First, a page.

MURASAKI SHIKIBU: influential women of all time – Early Life and Reign, social and political life, major works and death

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favourites. In 802 a conspiracy of officials and generals deposed her and placed on the throne Nicephorus, the minister of finance. She was exiled, first to the island of Prinkipo (now Büyükada) and then to Lesbos.

Irene’s zeal in restoring icons and her patronage of monasteries ensured her a place among the saints of the Greek Orthodox Church. Her feast day is August 9.

MURASAKI SHIKIBU

(b. c. 978, Kyōto, Japan—d. c. 1014, Kyōto)

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he court lady known as Murasaki Shikibu was the author of the Genji monogatari (The Tale of Genji), generally considered the greatest work of Japanese literature

and thought to be the world’s oldest full novel.

The author’s real name is unknown; it is conjectured that she acquired the sobriquet of Murasaki from the name of the heroine of her novel, and the name Shikibu reflects her father’s position at the Bureau of Rites. She was born into a lesser branch of the noble and highly influential Fujiwara family and was well educated, having learned Chinese (generally the exclusive sphere of males). She married a much older distant cousin, Fujiwara Nobutaka, and bore him a daughter, but after two years of marriage he died.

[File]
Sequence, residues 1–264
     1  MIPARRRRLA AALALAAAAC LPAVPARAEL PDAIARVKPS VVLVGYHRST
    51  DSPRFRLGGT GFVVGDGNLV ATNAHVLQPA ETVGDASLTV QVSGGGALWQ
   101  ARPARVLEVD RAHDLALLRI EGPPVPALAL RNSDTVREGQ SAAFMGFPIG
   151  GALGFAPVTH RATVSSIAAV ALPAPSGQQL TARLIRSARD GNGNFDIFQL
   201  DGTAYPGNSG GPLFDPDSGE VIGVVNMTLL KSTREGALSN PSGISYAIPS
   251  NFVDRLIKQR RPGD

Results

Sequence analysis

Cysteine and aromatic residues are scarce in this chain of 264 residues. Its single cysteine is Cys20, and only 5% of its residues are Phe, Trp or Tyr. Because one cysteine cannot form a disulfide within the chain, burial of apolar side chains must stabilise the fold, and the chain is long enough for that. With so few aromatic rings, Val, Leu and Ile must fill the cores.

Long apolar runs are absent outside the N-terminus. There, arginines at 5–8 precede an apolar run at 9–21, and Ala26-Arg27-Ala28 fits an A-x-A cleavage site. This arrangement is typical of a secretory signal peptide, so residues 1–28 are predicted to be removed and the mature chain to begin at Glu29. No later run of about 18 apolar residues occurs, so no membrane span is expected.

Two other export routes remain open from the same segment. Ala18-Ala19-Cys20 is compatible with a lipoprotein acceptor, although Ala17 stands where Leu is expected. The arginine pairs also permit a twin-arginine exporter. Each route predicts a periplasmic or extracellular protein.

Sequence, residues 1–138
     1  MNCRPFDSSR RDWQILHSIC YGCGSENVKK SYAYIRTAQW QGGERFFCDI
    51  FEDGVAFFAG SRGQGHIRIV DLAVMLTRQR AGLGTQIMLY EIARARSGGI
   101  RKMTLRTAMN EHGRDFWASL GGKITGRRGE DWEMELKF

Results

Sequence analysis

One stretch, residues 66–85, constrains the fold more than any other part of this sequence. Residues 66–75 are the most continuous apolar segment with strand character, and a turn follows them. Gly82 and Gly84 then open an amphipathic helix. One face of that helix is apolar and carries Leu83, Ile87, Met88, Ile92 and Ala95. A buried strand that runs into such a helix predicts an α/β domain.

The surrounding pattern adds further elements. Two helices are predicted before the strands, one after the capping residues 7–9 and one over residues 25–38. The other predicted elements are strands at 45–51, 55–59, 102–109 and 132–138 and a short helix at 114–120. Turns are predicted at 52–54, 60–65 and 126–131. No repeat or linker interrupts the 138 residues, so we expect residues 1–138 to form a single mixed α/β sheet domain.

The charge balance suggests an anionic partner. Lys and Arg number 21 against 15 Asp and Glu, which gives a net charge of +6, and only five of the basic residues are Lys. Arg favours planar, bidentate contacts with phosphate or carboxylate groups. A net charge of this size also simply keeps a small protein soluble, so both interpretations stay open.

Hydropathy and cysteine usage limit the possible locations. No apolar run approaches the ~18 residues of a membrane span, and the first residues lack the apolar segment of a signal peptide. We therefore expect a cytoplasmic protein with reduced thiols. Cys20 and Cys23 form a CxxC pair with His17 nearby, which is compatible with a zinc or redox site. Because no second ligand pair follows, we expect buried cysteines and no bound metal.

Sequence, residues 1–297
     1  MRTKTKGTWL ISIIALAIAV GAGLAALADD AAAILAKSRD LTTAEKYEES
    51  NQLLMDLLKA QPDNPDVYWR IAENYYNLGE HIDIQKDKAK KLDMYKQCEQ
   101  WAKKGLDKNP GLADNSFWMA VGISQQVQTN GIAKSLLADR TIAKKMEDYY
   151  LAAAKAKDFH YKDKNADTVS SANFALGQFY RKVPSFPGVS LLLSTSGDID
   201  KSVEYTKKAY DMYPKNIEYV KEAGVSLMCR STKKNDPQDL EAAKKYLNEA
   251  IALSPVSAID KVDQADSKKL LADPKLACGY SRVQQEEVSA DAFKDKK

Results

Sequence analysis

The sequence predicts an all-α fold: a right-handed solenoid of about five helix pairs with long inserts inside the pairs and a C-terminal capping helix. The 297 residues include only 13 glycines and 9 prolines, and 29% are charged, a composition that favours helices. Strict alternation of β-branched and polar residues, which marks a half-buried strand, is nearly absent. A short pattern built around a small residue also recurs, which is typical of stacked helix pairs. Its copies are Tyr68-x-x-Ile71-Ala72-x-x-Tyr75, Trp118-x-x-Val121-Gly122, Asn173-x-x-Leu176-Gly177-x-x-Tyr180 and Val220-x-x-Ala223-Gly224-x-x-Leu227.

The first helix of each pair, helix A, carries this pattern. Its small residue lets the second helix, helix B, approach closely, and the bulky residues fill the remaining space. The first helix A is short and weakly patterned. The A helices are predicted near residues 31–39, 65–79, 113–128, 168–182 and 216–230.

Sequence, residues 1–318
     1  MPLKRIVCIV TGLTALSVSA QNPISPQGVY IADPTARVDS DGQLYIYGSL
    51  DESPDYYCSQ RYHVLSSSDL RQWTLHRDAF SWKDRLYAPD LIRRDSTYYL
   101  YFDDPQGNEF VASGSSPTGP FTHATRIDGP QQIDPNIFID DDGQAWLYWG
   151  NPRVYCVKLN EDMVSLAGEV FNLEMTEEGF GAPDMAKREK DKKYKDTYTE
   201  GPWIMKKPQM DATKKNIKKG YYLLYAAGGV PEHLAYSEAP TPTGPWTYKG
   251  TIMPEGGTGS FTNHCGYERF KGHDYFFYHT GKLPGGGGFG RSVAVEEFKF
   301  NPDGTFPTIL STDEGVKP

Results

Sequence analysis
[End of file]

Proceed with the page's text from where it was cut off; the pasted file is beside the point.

Some critics believe that she wrote the entire Tale of Genji between 1001 (the year her husband died) and 1005, the year in which she was summoned to serve at court (for reasons unknown). It is more likely that the composition of her extremely long and complex novel extended over a much greater period; her new position within what was then a leading literary centre likely enabled her to produce a story that was not finished until about 1010. In any case this work is the main source of knowledge about her life. It possesses considerable interest for the delightful

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Murasaki Shikibu confers with wise men and fellow poets in this detail of a woodcut by Kitigawa Utamaro. She is credited with writing one of the greatest works of Japanese literature. Library of Congress Prints and Photographs Division

Murasaki Shikibu confers with wise men and fellow poets in this detail of a woodcut by Kitigawa Utamaro. She is credited with writing one of the greatest works of Japanese literature. Library of Congress Prints and Photographs Division

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